…but in particular, having to be so restrained in what I wear, having to avoid eye contact on the street and walking around with a “F*** you” face in order to avoid being mistaken for wanting attention.  Okay, this one is definitely #1, the rest aren’t in order.

The ridiculous processes to get anything written, printed, copied, or generally produced in an office
…especially my municipal government and the schools.  I’m trying to imagine what it will be like to see an office supply closet after Peace Corps, and I might break into happy tears.  And I can count on one hand the number of work contacts who actually call me, email me, or complete tasks when they say they are going to.  The worst part is how incompletion of tasks is always my fault… “well why didn’t you remind me!”

Dealing with my municipal government in general… 
…I did "learn to love" some of the employees but as an organization in whole... sigh.  I have to “hold the hands” of professional men and women through the most basic of tasks, for example, prepare a one page document (see the above point).   Many of them are relatives of the mayor and are totally under-qualified for their jobs, but others have no excuse.  No one maintains a complete to-do list.  And ask my mayor if she has ever prepared a strategic plan or even a one-year work plan.  Big picture planning?  What is that? 
I’m not the only one discontent with the Municipality—this (borrowed) picture comes from a march against the authorities that ended in front of the Municipality, and included a burro with a wig on it, representing my mayor!  The signs read “No more donkey-business in the Municipality” and “Reserved for the incapable and corrupt.”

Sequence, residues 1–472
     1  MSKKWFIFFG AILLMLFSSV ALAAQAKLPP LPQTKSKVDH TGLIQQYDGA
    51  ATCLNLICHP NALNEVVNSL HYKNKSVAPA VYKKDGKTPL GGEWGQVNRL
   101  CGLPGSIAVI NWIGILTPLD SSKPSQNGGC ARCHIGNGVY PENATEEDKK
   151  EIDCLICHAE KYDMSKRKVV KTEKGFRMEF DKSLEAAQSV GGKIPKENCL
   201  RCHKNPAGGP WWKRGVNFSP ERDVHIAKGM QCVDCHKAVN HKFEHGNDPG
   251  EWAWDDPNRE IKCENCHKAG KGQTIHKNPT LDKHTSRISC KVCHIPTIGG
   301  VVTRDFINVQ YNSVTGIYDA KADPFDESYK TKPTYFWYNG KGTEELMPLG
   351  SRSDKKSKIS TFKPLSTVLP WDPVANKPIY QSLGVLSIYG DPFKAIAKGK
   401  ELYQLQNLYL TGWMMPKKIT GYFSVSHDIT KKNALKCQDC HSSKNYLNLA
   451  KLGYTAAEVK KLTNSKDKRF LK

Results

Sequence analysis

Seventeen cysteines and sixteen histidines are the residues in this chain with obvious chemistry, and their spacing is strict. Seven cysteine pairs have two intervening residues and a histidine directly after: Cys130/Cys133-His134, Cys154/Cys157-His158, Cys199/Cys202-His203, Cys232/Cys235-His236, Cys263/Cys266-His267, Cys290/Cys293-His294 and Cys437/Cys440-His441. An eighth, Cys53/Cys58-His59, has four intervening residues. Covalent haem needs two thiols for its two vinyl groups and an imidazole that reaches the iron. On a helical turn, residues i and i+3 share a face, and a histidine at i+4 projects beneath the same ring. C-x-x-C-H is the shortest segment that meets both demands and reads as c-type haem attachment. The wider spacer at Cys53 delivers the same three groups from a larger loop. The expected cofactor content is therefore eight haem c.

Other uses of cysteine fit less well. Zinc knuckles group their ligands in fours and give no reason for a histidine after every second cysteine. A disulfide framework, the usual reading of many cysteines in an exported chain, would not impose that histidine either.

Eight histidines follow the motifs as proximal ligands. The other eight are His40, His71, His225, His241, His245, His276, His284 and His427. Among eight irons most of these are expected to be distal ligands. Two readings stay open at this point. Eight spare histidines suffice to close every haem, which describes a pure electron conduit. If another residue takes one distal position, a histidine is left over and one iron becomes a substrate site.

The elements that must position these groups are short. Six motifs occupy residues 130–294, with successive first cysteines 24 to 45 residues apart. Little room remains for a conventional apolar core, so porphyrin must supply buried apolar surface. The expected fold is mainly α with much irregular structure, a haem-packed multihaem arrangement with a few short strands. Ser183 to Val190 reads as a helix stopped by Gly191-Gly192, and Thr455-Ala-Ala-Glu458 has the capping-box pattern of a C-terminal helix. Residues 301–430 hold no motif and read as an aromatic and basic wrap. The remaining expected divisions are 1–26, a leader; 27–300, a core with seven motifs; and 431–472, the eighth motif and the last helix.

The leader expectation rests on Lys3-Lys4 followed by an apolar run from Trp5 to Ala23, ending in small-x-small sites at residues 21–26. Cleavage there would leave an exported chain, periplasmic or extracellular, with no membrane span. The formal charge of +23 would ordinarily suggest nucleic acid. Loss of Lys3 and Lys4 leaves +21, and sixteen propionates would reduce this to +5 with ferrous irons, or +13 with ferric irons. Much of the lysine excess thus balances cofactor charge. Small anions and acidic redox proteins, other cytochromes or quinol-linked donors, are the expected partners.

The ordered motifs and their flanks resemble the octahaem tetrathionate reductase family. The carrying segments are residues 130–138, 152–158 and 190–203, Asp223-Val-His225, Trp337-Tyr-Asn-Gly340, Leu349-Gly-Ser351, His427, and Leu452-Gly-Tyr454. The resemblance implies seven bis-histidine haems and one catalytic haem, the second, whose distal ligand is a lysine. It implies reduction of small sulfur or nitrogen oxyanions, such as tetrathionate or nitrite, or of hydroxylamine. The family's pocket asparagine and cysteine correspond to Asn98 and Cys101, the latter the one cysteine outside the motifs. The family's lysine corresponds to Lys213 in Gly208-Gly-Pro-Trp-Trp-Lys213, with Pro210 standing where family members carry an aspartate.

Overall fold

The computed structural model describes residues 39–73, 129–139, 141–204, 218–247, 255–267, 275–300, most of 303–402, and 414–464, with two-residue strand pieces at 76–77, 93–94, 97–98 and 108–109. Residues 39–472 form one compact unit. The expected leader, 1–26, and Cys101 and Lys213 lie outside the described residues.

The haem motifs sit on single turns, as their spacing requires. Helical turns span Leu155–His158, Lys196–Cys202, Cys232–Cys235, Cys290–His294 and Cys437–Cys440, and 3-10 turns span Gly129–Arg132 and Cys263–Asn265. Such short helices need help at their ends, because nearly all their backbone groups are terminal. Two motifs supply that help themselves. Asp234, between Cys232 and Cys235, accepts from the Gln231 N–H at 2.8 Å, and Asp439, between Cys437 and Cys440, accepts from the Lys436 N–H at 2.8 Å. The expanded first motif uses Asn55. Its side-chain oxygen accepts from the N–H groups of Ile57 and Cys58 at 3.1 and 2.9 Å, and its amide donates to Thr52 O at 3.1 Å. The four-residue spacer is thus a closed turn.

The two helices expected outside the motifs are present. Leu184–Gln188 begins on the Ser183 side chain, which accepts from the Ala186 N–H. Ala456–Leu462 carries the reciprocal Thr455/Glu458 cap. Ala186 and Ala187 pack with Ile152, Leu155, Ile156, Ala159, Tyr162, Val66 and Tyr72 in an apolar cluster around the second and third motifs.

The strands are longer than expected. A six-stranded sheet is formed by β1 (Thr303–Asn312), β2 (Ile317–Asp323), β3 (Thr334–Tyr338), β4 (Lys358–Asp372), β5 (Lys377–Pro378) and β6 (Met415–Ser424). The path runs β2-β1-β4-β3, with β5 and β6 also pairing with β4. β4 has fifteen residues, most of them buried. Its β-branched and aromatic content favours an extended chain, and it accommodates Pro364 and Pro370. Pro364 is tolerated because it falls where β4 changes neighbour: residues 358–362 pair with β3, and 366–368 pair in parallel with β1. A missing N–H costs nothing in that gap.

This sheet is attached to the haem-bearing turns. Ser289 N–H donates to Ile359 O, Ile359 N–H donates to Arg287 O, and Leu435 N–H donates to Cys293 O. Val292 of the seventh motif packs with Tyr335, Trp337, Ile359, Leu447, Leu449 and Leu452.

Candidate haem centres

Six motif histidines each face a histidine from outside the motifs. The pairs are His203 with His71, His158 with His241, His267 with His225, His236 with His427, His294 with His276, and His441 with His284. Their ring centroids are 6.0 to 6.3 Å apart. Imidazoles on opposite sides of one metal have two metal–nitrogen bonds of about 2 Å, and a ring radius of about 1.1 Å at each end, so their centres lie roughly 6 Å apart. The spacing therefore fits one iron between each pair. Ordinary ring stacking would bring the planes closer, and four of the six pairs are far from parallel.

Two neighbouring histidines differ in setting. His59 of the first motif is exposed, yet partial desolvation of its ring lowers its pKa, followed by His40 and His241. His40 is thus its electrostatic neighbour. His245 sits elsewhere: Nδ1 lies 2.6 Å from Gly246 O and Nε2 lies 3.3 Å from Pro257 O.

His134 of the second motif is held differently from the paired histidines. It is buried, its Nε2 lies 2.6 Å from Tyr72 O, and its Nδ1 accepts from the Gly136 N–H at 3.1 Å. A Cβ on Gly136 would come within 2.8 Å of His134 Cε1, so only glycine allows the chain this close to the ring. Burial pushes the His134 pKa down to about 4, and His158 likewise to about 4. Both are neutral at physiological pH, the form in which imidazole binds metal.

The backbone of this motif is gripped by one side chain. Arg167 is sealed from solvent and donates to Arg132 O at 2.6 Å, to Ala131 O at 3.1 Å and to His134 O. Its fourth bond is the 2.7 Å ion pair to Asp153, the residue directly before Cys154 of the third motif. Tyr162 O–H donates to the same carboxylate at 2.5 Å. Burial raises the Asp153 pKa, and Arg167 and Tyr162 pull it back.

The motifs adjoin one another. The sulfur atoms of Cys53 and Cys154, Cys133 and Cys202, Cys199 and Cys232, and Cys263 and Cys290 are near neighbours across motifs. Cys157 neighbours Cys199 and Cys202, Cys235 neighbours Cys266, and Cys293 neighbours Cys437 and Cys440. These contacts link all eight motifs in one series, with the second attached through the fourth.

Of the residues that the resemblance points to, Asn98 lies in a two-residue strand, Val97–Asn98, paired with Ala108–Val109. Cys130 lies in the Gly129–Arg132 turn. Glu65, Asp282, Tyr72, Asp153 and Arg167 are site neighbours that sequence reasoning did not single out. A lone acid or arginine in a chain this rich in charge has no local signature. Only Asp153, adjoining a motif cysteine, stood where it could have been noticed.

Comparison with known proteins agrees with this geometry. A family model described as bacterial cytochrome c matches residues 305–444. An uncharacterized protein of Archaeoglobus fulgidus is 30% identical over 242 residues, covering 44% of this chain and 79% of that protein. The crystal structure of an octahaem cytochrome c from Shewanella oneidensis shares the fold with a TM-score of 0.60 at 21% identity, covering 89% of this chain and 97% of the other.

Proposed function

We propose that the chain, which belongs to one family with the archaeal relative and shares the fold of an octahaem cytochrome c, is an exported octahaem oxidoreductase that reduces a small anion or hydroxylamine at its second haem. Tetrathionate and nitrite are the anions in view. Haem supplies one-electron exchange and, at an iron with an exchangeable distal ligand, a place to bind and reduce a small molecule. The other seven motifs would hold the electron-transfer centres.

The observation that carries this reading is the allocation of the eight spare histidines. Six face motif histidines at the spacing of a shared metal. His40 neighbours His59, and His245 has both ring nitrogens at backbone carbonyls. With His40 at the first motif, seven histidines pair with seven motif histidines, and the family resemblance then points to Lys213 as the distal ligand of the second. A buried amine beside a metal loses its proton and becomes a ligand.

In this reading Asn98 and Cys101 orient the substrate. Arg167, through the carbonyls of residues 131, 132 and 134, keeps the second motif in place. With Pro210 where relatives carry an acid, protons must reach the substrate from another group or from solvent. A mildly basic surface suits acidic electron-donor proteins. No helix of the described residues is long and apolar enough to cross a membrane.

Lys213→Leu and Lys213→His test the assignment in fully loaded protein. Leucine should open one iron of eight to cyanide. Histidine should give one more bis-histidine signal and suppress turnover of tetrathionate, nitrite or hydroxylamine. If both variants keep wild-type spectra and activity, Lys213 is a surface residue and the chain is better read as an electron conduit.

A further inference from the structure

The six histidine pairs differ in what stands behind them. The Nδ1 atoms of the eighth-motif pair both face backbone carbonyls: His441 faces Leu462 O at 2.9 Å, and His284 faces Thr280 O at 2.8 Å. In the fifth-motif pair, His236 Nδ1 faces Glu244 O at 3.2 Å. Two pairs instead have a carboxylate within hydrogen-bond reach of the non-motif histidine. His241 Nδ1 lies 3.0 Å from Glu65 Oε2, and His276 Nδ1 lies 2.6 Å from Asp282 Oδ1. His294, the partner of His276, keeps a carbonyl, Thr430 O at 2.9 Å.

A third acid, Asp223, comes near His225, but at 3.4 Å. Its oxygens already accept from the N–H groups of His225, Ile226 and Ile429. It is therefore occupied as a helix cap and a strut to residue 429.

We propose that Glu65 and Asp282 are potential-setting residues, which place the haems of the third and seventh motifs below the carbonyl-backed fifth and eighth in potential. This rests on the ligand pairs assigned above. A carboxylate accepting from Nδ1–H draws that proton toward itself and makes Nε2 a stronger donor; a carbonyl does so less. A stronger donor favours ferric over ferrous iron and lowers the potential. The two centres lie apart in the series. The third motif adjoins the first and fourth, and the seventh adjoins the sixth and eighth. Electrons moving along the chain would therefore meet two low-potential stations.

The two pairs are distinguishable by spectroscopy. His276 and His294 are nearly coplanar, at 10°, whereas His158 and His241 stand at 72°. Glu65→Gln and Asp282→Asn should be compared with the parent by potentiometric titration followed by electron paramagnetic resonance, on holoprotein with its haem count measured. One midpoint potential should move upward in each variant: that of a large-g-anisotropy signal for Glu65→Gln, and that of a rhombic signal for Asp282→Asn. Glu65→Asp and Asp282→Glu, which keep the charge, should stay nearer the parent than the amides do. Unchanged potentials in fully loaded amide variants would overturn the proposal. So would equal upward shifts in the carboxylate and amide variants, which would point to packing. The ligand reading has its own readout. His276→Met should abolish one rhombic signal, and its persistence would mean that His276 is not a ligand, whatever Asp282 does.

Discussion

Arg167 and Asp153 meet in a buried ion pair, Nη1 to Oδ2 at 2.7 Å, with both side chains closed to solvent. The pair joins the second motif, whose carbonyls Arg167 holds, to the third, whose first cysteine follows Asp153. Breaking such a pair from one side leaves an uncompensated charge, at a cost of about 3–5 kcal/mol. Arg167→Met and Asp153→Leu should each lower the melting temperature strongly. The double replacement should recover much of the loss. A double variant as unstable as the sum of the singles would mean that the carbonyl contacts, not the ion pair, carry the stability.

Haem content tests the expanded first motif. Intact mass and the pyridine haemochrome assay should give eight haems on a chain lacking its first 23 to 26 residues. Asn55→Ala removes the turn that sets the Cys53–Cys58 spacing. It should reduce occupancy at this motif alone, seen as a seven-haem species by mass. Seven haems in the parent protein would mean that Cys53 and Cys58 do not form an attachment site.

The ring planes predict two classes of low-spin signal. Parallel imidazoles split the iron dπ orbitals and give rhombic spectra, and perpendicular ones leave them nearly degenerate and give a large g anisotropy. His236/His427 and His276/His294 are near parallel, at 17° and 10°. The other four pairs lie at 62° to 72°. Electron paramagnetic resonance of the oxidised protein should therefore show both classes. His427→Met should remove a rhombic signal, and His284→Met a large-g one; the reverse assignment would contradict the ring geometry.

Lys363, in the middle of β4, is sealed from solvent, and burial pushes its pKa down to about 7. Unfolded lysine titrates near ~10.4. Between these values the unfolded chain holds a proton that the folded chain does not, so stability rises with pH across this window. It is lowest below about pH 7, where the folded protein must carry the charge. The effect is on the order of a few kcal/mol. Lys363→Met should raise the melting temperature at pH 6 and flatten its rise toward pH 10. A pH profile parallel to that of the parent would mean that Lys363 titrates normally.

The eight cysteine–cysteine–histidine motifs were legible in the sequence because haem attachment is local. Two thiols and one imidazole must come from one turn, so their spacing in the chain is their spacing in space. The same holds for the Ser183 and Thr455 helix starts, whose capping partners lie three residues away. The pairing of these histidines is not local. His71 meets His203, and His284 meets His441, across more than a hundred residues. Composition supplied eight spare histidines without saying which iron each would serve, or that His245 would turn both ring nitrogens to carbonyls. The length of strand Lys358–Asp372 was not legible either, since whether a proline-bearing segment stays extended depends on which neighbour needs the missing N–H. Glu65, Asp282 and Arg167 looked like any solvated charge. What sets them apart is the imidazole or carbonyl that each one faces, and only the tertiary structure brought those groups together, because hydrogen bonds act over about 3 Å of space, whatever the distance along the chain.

People ringing the door bell 3-10 times before I can get to the door.  I CAN HEAR YOU!

Dust and plastic bags whipping up into my face at all times.
My eczema will not miss Monsefú.

The fights, whining, yelling, and line-cutting that break out at events involving the distribution of anything free…
 even packets of soda crackers, due to a long history of scarcity.  It’s the absolute worst at Christmas gift give-away events (the infamous chocolatadas), when people teach their kids to hide the gift they already received in order to ask for a second, or push and shove little kids in order to get ahead in line.
Celebrating the birth of our savior with some good old-fashioned shoving.
Kind of like the rural Peruvian version of Black Friday, no?